- Tell us more about yourself. What do you do and how long you’ve been working in this industry?
I am a theatre-maker – a director, performer, writer, workshop leader and mentor. I started out in a feminist cabaret after graduating from the University of Hull, Drama Department, in 1982. Alison Goldie, two other friends and I took a sketch cabaret to Edinburgh Fringe. It was called ‘Heavy Periods’ and was based on a book of cartoons by Fanny Tribble. I kid you not.
As soon as we moved to London, Alison and I became ‘The Wild Girls’ comedy act. For three years we cavorted around the dingy clubs and pubs of London and beyond. Sporting spiky hair, big earrings and bags of attitude.
Much later, in 1997, Alison and I created ‘The Weird Sisters’ theatre company. We toured the UK and international fringe festivals with our self-penned, multi-character comedy dramas. We made little money but had a ball and won five theatre awards in the process.
In 2006, I created a solo show, ‘The Mother’s Bones’, which won a Manchester Evening News Award for Best Fringe Performance. The following year I launched the ‘Authentic Artist’ workshops that have been running ever since. And my latest venture is my solo show, ‘InVisible Lines’, which will take place in Assembly Roxy, Edinburgh, this March.
- Who did you want to be when you were a kid?
I had a bit of a penchant for Isadora Duncan. And Greta Garbo. And Joan of Arc. And Eliza Doolittle.
- What was your ‘punch in the stomach’ or when did you first realise that this is going to become your career?
I haven’t had one consistent career. After the ‘Wild Girls’ I did an MA in Women’s Studies and a PhD in Victorian Poetry. And I taught English and Drama at the University of Southampton for eight years. But during that time I met Jonathan Kay, whose workshops stirred my soul and reminded me of my love for performing. I left my academic career when I was 37 to become a Weird Sister. I’ve never regretted it for a moment.
More than 20 years later, I am often surprised that I have survived as a freelancer in this unpredictable and often poorly paid career. But I love my life and I wouldn’t swap it for anything. I have freedom. And I am inordinately grateful.
- What were the 3 biggest obstacles in pursuit of your career?
Um… gosh, that’s hard. I don’t think in terms of obstacles very often.
I suppose in my 40s I fancied doing more ‘straight’ theatre roles, classical stuff, Greeks and Shakespeare, but my lack of a conventional CV and training may have held me back.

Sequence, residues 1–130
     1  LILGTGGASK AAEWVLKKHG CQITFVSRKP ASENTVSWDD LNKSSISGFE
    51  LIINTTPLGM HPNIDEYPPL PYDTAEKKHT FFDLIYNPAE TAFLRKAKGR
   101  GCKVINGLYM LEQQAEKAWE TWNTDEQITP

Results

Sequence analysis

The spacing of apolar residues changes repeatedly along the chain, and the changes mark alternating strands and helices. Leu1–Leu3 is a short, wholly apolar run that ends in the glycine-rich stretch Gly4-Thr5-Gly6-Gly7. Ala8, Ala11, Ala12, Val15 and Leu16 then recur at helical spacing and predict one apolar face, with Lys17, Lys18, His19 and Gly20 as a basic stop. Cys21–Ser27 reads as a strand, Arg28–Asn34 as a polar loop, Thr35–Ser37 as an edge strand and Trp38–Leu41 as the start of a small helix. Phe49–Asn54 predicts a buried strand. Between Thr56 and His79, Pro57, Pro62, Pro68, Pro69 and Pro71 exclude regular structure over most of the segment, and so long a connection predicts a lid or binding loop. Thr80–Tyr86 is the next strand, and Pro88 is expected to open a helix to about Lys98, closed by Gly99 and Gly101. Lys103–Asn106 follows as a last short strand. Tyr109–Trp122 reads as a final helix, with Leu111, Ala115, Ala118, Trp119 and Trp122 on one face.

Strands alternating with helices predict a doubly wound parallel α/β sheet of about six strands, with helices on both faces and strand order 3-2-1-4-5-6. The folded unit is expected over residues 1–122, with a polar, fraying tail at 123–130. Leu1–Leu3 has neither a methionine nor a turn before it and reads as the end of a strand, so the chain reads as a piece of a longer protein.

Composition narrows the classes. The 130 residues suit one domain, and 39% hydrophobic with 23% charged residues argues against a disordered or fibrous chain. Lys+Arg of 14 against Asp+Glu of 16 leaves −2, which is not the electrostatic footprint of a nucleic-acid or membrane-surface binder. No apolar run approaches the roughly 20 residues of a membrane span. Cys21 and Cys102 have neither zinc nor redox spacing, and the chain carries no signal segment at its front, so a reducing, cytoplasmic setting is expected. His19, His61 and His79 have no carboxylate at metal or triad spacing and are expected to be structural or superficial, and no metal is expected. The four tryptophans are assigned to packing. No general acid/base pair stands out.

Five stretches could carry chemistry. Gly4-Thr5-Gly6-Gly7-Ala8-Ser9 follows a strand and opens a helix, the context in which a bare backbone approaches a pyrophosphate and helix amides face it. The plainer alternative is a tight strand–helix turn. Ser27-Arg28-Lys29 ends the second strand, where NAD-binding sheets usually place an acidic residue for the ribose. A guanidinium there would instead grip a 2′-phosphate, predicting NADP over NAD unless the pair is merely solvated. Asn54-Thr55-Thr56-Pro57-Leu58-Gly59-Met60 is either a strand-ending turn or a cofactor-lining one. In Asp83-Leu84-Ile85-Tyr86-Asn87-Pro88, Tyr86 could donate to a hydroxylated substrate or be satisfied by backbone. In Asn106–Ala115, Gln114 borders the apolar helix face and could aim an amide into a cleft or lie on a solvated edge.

Other than that, I’ve really made my career by doing what I wanted, with whatever resources were available. I can’t really think of many obstacles.
I’ve been incredibly fortunate to work with many artists who have received Arts Council or Creative Scotland funding. I feel a huge responsibility when I work on a funded project like I have to make something worthy of that public money.
- Where do you find inspiration?
My mentors, Paul Oertel and Nancy Spanier, are constant sources of inspiration. They are US artists living in France, whom I had the good fortune to meet in 2003. They are the deepest, most extraordinary, most generous people and I’m eternally indebted to them both.
Paul’s focus on the uniqueness of each individual’s gifts profoundly influences the pedagogy of my ‘Authentic Artist’ workshops. His endless challenges also keep me deep-diving! And Nancy is a great maker of dance theatre and film, who is in her mid-70s and vibrantly alive, focused, passionate and brilliant.
I’m also continually inspired by the work of members of the Authentic Artist Collective. I have been blessed to work with an extraordinary array of singers, actors, painters, musicians, filmmakers, dancers, puppeteers and poets.
I am very inspired by the human body. My latest show, ‘InVisible Lines’, insists on the ageing female body as a thing of beauty, defying the way it’s reviled in contemporary culture.
I also find inspiration in Mary Oliver, David Whyte, Anna Halprin, Frida Kahlo, Maya Angelou, Louise Bourgeois, Niki de Saint-Phalle, Toni Morrison, Beckett, Blake, Emily Brontë, Christina Rossetti, Rilke, Dimitris Papaioannou, Nina Simone, Beethoven, Bob Dylan, Tarkovsky, Emily Dickinson, Spencer Tunick…I could go on and on …
- What challenges do you face in this industry as a ‘50+ artist’?
It can sometimes feel as though certain opportunities are only open to ‘emerging artists’. Or that the programming of some festivals or venues is focused on younger artists at the expense of older makers.
There are challenges as my body ages and I can’t, or don’t want to do things I once did! But I do my best to stay strong, flexible and healthy.
- What advice would you give someone who is about to start their career but is being told that it’s ‘too late’?
When I was in my early 20s I told myself it was too late to start learning piano. If I’d done it then, I would have been playing for over 30 years by now, and I might even have got quite good at it.
It’s never too late.
And I might repeat the phrase my mother often uses: ‘Follow your star.’ It’s a beautiful and empowering suggestion.
And of course, if you start working on commission fit your vision around clients’. Though hopefully, clients will approach you first, simply because you inspired them!
- Do you have any idols and if so, who and why?
Not so many idols, but certainly people I admire and respect for their honesty, boldness, authenticity, kindness and deep spirit.
- What’s your life motto?
Get on with it.
- You’re a new addition to the crayon box. What colour would you be and why?
A blue-green-turquoise with flecks of silver, because I love all those colours and because the silver adds a hint of moon.
Don’t miss a chance to see Kath’s thought-provoking show – ‘InVisible lines’. 13th to 16th of March, Assembly Roxy. More information and how to book can be found on Assembly Festival’ page.